forth. When the selector line is high (1
), one of the operations is chosen to
pass to output; when the selector line is low (0
), the other operation gets to
write.
Do note, however, that in our current design, the ALU is performing both the
AND
and the OR
operation simultaneously. This means that we are powering two
calculations, but only using one. This wastes power, and is not ideal.
This is where the demultiplexer comes in: put it in front of the collection of logic operators, and tie it to the same select line that controls the multiplexer on the output, and now the input signals will be routed through only one logic cluster, and the rest lie dormant.
Now that we’ve solved the problem of selecting between multiple operations,
let’s add in the NOT
operator. Remember that NOT
is a unary operator (that
is, it only takes one argument. AND
and OR
are binary operators, meaning
that they take two arguments. It has nothing to do with the fact that Boolean
logic only has two symbols), so we only connect the A
input to it.
This is three operation clusters, but our multiplexer only supports two!
Composition
This is where composition becomes most useful. We have established that a 2:1 multiplexer (mux for short, henceforth) and 1:2 demultiplexer (demux) are a simple enough construct, with a 1bit selection line and nbit selection buses (we frankly don’t care what the bit width of a multiplexer is, since it has no bearing on its actual operation, as long as all our data goes through).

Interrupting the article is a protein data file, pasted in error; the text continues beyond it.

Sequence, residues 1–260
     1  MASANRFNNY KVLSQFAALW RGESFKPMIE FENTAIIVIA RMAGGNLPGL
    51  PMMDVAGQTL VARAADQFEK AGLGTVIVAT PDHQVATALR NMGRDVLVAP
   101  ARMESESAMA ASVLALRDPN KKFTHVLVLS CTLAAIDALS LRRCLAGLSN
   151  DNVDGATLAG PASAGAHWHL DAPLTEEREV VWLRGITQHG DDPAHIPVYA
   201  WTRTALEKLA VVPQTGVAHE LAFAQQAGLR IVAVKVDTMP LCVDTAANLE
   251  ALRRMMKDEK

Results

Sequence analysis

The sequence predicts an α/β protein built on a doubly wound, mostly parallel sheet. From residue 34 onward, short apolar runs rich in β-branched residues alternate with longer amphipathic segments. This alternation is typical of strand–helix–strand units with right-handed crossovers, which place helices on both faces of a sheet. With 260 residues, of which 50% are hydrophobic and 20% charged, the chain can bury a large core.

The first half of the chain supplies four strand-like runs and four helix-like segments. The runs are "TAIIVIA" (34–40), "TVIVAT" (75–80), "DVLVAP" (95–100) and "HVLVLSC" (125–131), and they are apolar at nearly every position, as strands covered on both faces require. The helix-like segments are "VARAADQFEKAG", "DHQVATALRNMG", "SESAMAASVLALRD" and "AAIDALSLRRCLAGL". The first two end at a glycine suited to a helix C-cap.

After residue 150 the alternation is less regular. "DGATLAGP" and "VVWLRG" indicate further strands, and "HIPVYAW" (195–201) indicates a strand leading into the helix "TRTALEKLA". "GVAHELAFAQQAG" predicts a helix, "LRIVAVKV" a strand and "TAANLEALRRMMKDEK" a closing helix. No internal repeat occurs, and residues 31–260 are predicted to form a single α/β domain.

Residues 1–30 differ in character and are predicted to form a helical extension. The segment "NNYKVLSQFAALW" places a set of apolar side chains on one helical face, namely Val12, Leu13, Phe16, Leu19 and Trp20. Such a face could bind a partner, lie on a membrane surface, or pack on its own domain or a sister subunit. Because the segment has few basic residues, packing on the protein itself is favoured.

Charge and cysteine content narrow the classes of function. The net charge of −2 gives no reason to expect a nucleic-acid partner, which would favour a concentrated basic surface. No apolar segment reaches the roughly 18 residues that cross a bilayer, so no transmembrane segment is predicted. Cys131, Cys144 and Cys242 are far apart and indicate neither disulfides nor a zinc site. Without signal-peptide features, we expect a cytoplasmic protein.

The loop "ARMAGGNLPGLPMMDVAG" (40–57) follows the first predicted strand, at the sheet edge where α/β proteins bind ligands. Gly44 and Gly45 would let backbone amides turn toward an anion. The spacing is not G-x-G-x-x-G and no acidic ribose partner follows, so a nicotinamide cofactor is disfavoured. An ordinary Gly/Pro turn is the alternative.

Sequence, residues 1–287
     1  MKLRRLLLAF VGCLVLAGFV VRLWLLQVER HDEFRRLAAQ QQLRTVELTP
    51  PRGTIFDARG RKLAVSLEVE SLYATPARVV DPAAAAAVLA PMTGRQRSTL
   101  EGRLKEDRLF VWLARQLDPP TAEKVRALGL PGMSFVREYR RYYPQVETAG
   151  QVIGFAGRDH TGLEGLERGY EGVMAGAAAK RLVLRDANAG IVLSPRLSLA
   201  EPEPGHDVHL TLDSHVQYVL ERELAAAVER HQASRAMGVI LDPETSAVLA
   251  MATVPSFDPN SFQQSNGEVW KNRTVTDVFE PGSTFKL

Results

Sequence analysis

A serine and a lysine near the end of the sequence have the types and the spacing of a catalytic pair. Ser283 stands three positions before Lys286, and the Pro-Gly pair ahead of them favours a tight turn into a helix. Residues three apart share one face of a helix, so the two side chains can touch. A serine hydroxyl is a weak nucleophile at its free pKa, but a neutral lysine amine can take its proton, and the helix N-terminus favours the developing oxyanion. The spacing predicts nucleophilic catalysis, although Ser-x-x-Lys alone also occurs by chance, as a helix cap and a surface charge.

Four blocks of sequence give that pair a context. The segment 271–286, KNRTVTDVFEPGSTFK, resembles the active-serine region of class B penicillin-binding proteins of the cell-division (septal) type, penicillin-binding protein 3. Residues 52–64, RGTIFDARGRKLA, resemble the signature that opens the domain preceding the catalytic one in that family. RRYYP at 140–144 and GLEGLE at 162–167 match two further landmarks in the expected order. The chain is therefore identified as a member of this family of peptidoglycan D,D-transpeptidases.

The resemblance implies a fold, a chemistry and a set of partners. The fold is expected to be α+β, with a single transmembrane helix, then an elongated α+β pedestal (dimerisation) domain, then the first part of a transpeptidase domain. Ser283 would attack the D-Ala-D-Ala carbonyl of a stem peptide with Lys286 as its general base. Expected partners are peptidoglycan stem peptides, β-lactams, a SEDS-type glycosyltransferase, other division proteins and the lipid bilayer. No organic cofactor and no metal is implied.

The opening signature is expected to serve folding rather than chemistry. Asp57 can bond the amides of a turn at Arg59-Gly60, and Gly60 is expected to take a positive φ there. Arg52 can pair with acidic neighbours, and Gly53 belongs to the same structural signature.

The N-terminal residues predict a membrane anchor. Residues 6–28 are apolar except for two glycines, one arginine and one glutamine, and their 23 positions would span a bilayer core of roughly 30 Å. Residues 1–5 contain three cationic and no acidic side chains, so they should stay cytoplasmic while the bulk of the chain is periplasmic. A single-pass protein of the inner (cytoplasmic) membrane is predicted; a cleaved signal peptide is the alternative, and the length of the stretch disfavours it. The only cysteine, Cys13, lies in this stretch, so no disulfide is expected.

So, suppose you want to select between more than two things. What do you do?
You take a 2:1 mux, and have each of its inputs be… another mux! This is a “binary tree” structure, and it’s extremely common in computing.
Multiplexer Tree
It looks something like this:
┌─────┐ 
══A══╡ │ S[1:0]
│ mux ╞══Y0══╗ │
══B══╡ │ ║ │
└──┬──┘ ║ ┌──┴──┐
└────┐ ╚═══╡ │
├──S0────┤ mux ╞══Y══
┌────┘ ╔═══╡ │
┌──┴──┐ ║ └─────┘
══C══╡ │ ║
│ mux ╞══Y1══╝
══D══╡ │
└─────┘
As you can see, every doubling of input buses only requires one more selector line. The new selector line controls where the end mux looks, while the old selector line gets forwarded to each leaf (left) mux.